She doesn’t know when she fell asleep exactly but when she awoke from the blaring of sirens outside she realized that their last summer evening had fallen victim to the dead of night. Jay and Maisie must have woken up before her and managed to stumble into their respective rooms because Charlie was the last one left beside her. He was turned towards her, bare shoulders blending into the dark shadows of their room – if Zara was just a bit more disillusioned, a bit more drowsy; if she could just convince herself she was still dreaming she would’ve stayed there, maybe even had the confidence to press herself against Charlie and blame it on the turbulence of shifting limbs in sleep but she was not that type of person. She commanded her drunk limbs to sit up and felt the folds of her body ache from the repercussions of sleeping on the hardwood floor. She detached herself from Charlie and wondered if she should wake him up. They had class tomorrow – he didn’t even have an alarm set, by all means, she should wake him up. There were no lights on, only the stray stolen streetlights from the kitchen window gave Zara any ability to see her surroundings. She could just barely make out Charlie’s sleeping face as she looked down at him. He seemed serene, somehow even making the floor feel like it could be cloud-like. She wanted, only for a second, to press her palm to his cheek to see if he’d react if he’d wake up and put his own hand over hers and then pull her back down to fall asleep beside him again. If he did she wouldn’t have the heart to get back up. She was that kind of person. The one who needed someone else to tell her to stay and once they did she would listen and follow her every beck and call. And because she knew the dangers of that she did not place an open hand on Charlie’s cheek. She got up and carefully made her way back to her room in the darkness. She managed to set an alarm for 8:30 so she’d have enough time to make it to her 9:30 French class and fell asleep again on her mattress, simultaneously alone and not alone.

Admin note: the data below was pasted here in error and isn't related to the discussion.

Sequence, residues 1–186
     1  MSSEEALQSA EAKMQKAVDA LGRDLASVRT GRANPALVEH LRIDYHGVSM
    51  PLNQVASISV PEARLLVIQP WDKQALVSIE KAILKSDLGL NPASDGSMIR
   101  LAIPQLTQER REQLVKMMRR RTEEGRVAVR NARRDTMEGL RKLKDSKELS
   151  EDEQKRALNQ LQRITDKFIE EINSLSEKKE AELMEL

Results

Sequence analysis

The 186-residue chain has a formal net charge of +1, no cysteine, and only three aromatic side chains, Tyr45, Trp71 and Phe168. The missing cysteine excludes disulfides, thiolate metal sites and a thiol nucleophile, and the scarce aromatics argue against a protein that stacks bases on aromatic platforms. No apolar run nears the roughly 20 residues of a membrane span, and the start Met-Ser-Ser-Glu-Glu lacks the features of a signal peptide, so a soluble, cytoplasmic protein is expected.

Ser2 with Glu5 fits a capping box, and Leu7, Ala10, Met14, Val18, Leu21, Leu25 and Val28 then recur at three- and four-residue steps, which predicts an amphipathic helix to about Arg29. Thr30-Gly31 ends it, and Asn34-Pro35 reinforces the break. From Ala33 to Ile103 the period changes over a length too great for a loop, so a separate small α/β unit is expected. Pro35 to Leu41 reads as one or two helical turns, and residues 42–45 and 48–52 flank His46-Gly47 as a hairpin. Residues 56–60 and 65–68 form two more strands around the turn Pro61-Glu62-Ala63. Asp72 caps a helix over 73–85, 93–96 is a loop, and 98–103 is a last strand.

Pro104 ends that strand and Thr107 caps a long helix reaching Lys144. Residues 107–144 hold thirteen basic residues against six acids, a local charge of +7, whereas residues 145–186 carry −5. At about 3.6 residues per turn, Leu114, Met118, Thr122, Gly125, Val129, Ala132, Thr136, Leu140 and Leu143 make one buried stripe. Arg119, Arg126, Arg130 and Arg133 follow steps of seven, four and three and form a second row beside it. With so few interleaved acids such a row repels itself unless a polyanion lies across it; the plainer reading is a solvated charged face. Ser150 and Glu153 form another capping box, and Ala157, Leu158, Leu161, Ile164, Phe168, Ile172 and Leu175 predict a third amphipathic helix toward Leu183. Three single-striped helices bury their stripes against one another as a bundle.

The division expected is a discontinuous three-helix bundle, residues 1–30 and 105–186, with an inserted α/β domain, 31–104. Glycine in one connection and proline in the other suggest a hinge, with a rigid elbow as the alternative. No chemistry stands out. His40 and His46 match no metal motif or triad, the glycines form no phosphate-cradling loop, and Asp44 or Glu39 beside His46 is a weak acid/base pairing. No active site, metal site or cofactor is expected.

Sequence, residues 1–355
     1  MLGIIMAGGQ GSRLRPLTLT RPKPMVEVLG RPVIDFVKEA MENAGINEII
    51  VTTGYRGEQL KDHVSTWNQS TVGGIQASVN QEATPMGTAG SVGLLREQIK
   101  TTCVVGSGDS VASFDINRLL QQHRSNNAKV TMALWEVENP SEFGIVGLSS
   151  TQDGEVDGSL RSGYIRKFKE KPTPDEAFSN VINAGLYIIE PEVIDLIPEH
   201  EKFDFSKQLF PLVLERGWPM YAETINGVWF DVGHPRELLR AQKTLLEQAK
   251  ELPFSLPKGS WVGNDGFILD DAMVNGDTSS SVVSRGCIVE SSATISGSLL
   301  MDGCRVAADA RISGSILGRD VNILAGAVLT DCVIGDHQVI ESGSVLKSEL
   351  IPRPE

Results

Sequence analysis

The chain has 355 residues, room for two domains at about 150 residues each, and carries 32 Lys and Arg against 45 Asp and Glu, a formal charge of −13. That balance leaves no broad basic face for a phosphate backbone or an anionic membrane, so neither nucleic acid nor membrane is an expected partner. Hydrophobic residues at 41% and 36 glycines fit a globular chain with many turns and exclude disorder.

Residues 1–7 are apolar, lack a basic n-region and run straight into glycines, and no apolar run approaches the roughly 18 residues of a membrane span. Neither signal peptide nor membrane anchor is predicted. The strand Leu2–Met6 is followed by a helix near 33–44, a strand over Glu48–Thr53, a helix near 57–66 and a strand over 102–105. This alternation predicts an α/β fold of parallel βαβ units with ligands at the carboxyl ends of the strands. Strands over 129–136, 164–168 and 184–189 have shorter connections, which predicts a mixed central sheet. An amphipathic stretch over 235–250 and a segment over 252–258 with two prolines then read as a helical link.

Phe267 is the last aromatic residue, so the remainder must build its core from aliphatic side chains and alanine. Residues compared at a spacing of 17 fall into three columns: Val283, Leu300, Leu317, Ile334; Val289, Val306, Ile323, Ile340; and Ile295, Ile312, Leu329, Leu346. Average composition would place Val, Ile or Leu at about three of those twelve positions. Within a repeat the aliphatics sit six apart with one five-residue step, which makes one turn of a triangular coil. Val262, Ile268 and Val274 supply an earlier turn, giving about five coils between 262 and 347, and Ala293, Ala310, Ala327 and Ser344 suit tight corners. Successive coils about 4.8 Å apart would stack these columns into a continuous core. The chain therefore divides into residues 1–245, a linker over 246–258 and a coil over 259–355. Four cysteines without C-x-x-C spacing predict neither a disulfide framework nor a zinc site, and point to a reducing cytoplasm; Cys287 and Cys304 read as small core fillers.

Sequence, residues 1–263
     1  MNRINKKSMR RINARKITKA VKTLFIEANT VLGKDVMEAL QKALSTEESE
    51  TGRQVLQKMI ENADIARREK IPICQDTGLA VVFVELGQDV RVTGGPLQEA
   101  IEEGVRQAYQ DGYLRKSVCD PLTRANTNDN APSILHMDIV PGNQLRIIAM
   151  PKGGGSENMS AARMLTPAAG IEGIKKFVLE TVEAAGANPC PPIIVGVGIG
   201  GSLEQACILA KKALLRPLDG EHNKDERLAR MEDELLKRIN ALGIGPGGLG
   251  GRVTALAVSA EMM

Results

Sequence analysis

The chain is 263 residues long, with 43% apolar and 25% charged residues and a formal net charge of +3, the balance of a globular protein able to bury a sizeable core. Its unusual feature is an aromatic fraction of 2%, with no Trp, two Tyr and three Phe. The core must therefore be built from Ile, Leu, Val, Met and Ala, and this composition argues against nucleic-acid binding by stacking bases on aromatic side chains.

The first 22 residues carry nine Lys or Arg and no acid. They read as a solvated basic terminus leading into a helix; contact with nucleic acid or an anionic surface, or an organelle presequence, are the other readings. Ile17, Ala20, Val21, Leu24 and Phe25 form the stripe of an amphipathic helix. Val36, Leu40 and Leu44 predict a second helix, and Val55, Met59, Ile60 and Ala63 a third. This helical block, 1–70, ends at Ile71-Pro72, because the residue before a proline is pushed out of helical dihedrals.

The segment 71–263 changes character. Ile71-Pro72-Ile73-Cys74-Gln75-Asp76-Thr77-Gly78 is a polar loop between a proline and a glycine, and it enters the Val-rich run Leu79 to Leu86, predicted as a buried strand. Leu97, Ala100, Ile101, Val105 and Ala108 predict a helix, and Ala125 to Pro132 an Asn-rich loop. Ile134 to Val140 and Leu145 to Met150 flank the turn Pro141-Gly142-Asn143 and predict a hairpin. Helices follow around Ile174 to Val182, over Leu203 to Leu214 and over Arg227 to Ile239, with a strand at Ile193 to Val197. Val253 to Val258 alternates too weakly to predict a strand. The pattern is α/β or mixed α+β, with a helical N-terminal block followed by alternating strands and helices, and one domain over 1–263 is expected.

She fell asleep feeling a bit guilty for not waking up Charlie but she never did have enough heart when it came to him. The rest of the night was dreamless.

Ariya Mamun is a Canadian-Bengali author who is currently studying Dramatic Writing at New York University. Her writing has appeared in Textile Magazine KW, Sad Girls Lit Club and Molecule Lit Mag.